Something I have done a few times in Sitecore is to have new news articles or blog posts automatically organize themselves within year/month folders in my content tree.  The URL to a specific news article might be /news/2008/02/ActionHandler.aspx for instance.  When I create the ActionHandler content item, the 2008 folder and the 02 folder would be created automatically if they did not already exist and my posting would be placed under these folders for me.  In Sitecore, I do this with an event handler for item:creating.  Tonight, I set out to do the same thing with Umbraco.

First, let me present an example of  what I want to see when I'm done...

I want to be able to right-click on "Blog" and create a new document of type "BlogPost".  Given today's date, I want a year folder and a month folder to be created (if they don't already exist) and my new post moved into the proper folder automatically.

A bit of research uncovered Umbraco's concept of Action Handlers.  Basically, these are your own classes you can use to perform custom actions when certain events occur in Umbraco's content editor.  They just have to implement the umbraco.BusinessLogic.Actions.IActionHandler interface and exist in an assembly in the Umbraco bin folder.

So, I set out to implement my DateFolderActionHandler class...  I created a new class library project, added references to Umbraco's businesslogic.dll, cms.dll, and interfaces.dll, and added a class that implements IActionHandler.  Visual Studio was kind enough to fill in a skeleton implementation for me - here's what it looked like:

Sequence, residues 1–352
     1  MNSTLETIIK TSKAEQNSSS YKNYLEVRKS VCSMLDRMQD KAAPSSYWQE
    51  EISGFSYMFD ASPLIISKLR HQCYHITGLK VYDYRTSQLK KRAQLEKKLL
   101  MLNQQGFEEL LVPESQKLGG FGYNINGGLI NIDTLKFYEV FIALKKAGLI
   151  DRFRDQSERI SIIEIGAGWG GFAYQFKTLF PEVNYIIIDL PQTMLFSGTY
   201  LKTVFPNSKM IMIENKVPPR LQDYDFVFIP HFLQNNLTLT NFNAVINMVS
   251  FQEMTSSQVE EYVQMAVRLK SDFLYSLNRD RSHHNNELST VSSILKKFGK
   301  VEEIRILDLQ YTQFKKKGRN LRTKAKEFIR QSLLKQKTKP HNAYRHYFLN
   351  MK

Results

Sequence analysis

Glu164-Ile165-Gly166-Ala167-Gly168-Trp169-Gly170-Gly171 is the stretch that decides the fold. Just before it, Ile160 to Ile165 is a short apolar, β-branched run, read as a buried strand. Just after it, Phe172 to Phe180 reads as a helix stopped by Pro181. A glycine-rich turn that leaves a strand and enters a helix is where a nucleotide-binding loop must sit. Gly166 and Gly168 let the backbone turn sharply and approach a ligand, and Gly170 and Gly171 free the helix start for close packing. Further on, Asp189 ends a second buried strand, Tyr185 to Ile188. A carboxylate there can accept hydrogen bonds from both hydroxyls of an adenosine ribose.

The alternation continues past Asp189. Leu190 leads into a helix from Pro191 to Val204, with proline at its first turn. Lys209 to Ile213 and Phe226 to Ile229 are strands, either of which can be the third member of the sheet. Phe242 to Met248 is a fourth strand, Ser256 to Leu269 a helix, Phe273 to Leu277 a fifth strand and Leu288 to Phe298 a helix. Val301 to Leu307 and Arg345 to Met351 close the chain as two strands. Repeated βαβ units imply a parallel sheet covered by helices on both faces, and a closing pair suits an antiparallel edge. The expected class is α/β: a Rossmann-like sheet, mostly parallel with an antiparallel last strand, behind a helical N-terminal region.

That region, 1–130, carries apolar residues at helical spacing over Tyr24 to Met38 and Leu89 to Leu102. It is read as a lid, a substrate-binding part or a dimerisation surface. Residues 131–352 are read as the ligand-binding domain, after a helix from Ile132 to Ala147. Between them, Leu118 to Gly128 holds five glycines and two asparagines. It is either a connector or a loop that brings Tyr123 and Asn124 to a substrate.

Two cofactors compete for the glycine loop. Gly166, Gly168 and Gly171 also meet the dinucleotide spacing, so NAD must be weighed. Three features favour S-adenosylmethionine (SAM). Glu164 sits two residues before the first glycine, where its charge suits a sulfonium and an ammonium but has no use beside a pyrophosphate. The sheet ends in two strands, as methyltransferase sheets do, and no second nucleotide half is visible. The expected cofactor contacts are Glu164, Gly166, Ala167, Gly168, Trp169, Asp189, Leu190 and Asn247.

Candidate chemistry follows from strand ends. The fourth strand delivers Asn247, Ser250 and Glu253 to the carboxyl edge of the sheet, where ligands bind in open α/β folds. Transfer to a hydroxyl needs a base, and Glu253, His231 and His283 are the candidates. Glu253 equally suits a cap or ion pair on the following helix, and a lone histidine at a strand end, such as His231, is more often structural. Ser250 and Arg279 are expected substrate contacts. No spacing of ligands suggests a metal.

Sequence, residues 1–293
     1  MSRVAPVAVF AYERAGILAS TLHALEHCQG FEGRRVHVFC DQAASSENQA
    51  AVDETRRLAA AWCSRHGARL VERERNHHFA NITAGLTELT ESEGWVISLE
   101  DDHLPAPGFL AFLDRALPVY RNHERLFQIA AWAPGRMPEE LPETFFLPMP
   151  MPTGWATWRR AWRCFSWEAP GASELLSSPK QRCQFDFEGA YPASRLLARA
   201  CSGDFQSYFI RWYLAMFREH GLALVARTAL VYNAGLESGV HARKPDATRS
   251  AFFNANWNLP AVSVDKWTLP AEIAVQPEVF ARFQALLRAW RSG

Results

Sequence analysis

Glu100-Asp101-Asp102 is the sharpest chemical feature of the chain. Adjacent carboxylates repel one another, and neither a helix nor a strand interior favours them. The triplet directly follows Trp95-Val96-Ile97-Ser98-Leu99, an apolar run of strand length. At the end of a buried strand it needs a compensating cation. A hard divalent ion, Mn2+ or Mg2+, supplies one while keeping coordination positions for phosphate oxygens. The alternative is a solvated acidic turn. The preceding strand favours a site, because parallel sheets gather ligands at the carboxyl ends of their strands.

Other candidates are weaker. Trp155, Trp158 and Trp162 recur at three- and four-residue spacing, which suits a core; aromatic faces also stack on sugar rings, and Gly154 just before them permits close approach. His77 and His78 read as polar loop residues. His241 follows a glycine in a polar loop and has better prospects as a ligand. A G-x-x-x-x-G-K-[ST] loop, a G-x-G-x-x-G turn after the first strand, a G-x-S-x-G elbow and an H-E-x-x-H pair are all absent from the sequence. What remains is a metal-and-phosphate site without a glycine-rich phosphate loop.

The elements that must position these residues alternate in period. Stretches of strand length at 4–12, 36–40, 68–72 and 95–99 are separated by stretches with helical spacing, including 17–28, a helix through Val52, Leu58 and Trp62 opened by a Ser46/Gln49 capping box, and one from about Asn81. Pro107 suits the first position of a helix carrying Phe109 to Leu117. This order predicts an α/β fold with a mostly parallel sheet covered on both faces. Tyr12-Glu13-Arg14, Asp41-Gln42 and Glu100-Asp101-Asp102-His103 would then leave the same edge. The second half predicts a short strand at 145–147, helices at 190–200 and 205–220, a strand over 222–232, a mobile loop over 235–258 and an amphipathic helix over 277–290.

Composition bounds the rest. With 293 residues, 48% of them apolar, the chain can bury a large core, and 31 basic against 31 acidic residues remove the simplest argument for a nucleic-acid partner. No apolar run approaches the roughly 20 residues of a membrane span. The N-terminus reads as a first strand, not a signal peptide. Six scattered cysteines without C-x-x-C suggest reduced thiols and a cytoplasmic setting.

using System;
using System.Collections.Generic;
using System.Linq;
using System.Text;
using umbraco.BusinessLogic.Actions;
using umbraco.BusinessLogic.console;
using umbraco.cms.businesslogic.web;
namespace Demo
    class DateFolderActionHandler : IActionHandler
        #region IActionHandler Members
        public bool Execute(Document documentObject, umbraco.interfaces.IAction action)
            throw new NotImplementedException();
        public string HandlerName()
            throw new NotImplementedException();
        public umbraco.interfaces.IAction[] ReturnActions()
            throw new NotImplementedException();

The first method that grabbed my attention was HandlerName() - all I have to do is return a string!  I did some digging with Reflector and it doesn't appear to be used for anything important, so return anything you want from this method.  I used "DateFolderActionHandler" - the name of my class.

Next up - ReturnActions().  This appears to return a list of actions your handler wants to be notified of.  The actions you can choose from are members of the umbraco.BusinessLogic.Actions namespace.  My handler needs to execute when a new content item is created, so I'm using ActionNew().  ReturnActions() now looks like this:

public umbraco.interfaces.IAction[] ReturnActions()
    return new umbraco.interfaces.IAction[] { new umbraco.BusinessLogic.Actions.ActionNew() };

Last to implement is the Execute() method.  I'm guessing Execute() gets called when one of the actions you have subscribed to occurs.  The Document must be the content item that was acted upon and the IAction must be the action that was triggered.  In my case, I am only subscribing to ActionNew so I don't have to check the action, but I will in this example to demonstrate how it's done.

// Not interested in anything but "create" events.
if (action.Alias != "create") return true;